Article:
The first thing I notice wandering through Sao Paulo is the lack of advertising.
There are no billboards, outdoor video screens or ads on buses.
Instead I find tall buildings covered in a mysterious black writing called “pixacao”.
In 2006 Sao Paulo’s conservative mayor, Gilberto Kassab, passed the “Lei Cidade Limpa” (Clean City Law), in order to combat “visual pollution”.
Sao Paulo became the first city outside of the communist world to put into effect a radical ban on outdoor advertising.
Large billboards superimposed over buildings is the regular look of a cityscape to me. After years of trying to ignore such images, my eyes are relieved to see them replaced by an obscure graffiti.
Pixacao at Paulista Metro station in Sao Paulo
Pixacao is native to Brazil and similar in method to tagging. It’s characterised by distinctive large letters painted in a cryptic style. It dominates public space and has created a new context for the everyday life of citizens, forcing new readings upon them.
Born in the early 1980s in Sao Paulo, pixacao was influenced by the political messages written in tar on the streets against the dictatorship of the 1930s-1950s.
The apparent motivation behind those doing pixacao, known as “pixadores”, is to make a statement about social injustice, poverty and government corruption.
There is gaping divide between the rich and poor in Brazil and many pixacao crews come from the poorer periphery and are waging war on the elite.
The truth is their work has become a stronger ego expression than political message in most cases these days. Pixadores strive to leave the mark of their crew on every wall possible, competing against one another to reach the highest, esoteric, and remarkable places in the city.
Most Sao Paulo residents hate pixacao and think it makes their city look ugly. I empathise with their anger at its placement. It envelops most of the city, degrading family homes and public monuments. But I can’t discredit the typography entirely.
The enlarged letters made with vertical straight lines and sharp endings have a gothic style resembling an ancient Latin script. Pixadores go to great lengths to paint the unusual letters, using themselves as human ladders to scale tall facades. Some have fallen to their death from extreme places.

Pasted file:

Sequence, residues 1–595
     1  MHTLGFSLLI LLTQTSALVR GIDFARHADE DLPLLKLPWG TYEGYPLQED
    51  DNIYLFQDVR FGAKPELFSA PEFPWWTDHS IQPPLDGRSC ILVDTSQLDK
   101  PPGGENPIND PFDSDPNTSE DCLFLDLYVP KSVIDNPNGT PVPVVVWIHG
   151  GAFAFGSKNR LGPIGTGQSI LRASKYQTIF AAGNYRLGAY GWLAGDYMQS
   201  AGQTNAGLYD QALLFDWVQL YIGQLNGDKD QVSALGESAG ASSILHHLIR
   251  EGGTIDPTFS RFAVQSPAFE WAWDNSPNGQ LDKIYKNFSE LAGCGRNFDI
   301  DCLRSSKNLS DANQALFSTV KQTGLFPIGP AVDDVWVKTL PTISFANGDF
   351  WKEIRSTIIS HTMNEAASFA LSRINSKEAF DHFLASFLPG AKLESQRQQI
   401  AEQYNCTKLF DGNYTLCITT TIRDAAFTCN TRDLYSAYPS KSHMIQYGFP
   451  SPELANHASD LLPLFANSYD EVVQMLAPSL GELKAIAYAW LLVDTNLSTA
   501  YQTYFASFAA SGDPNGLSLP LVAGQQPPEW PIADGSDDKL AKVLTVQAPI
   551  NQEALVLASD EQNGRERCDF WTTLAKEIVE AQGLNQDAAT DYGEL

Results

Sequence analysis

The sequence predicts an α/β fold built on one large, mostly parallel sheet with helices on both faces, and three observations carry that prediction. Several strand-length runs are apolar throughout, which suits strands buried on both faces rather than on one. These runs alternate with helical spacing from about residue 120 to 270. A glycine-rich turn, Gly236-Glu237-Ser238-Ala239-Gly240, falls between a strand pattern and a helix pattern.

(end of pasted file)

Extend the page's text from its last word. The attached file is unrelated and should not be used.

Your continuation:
These writers are not only hostile to the rich and the government. They clash with nearly everyone in Sao Paulo, including street artists.
Travelling along 23 de Maio expressway in Liberdade I find a fantastic mural. It is painted by some of Sao Paulo’s finest artists including Os Gemeos, Nunca, Nina, Finok and Zefix. Colourful cartoonish faces watch over eight lanes of traffic. The characters give a bold, bright energy alongside bleak concrete buildings, but a local informs me that pixadores temporarily defaced this work not long after it was completed. Their anger stemmed from the fact public funds were used to commission famous artists to create the mural.
A mural along 23 de Maio expressway in Liberdade, Sao Paulo, created by Os Gemeos, Nunca, Nina, Finok, Zefix and other artists.
However, there are things the pixadores and street artists have in common. Not least of which is a mutual enemy, the Clean City Law.
Sadly eradicating Sao Paulo of advertising has caused the removal of much of its street art. Many of the images that brought the city an international reputation for artistic innovation have been destroyed. In fact, the original mural along the 23 de Maio expressway was erased by Sao Paulo’s clean-up crew back in 2008. This happened around the time that Os Gemeos and Nunca’s work was being celebrated at the Tate Modern in London.
The removal of significant internationally recognised artwork caused enormous anger and controversy, prompting the mayor to rethink the law. He created a registry of street art to be preserved and thus sparked a public debate of what constitutes art.
The pixadores however, have never claimed to be artists. With every piece of pixacao removed from walls they retaliate. Armed with rollers and spray cans, they repeatedly paint their script with ferocious speed and strength.
It is a tiresome and expensive battle. Both the pixacao writers and artists continue to dispute this law today. As I walk through the streets, I can almost smell the fresh grey paint used to buff graffiti off walls.
Sao Paulo’s current mayor Fernando Haddad is showing signs of change though. In an unprecedented move, he has allowed a four kilometre-long avenue for graffiti. It starts at Patriarca metro station and ends at Itaquera, close to the World Cup stadium hosting the opening match.
Seventy artists have been commissioned and are currently painting the wall with images related to the World Cup and Brazilian football fans. The wall is set to become the biggest outdoor gallery in South America.
It seems likely that pixadores will invade this wall at some point. They have already been plastering their concerns about the World Cup in other parts of the city and they are not the only ones angry.
Thousands of protesters have taken to the streets in recent months unhappy about the amount of public money being spent on the World Cup tournament. They are demanding such things as better health care, education and housing.
Pixacao on the other hand occupies space visually. In a sense their protest, when that’s what it is rather than adrenaline-fuelled vandalism, has a louder message.
It’s a reminder of the economic inequality, crime, widespread corruption and the poor standards of living that so many of the city’s inhabitants endure.
The streets of Sao Paulo tell its own story. There are inspiring chapters, boasting some of the most acclaimed artists of our generation. They speak of beauty, boldness and triumph. Many other walls communicate a darker reality, separating the haves and have-nots inside an immensely creative mecca.